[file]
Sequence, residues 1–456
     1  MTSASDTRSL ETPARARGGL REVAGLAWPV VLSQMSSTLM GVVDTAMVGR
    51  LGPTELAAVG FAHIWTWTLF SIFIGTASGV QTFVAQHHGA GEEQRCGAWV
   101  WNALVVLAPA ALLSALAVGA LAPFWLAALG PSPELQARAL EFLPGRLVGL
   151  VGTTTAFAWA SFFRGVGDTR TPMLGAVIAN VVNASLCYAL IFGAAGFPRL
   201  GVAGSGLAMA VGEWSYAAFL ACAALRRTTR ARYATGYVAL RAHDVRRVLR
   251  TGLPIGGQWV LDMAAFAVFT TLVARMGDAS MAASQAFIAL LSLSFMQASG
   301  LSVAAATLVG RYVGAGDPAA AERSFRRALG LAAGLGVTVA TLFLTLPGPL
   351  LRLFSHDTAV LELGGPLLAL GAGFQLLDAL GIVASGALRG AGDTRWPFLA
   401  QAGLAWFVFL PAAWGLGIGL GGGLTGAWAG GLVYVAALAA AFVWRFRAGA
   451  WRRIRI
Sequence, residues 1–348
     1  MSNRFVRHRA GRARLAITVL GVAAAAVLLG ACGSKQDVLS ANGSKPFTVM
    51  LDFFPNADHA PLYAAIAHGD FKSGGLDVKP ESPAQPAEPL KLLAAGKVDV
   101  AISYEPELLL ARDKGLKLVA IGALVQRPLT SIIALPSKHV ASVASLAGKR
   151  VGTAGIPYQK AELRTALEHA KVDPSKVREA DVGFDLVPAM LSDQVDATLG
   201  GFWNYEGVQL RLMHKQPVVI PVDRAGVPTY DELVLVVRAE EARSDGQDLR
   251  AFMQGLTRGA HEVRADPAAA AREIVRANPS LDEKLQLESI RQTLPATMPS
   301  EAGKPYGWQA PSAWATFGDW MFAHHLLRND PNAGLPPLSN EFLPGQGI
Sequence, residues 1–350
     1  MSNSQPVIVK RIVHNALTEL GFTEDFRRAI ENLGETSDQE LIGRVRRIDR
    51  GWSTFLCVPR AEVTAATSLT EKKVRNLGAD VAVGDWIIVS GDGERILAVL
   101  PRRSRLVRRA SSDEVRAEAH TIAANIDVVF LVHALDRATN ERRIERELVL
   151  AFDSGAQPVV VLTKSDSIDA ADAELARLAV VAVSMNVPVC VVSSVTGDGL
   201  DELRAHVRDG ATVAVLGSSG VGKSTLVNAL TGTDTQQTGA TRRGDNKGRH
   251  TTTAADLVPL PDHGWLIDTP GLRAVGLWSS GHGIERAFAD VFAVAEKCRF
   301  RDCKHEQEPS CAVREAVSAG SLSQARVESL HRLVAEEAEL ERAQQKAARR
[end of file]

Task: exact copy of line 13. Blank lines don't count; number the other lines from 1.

     1  MSNRFVRHRA GRARLAITVL GVAAAAVLLG ACGSKQDVLS ANGSKPFTVM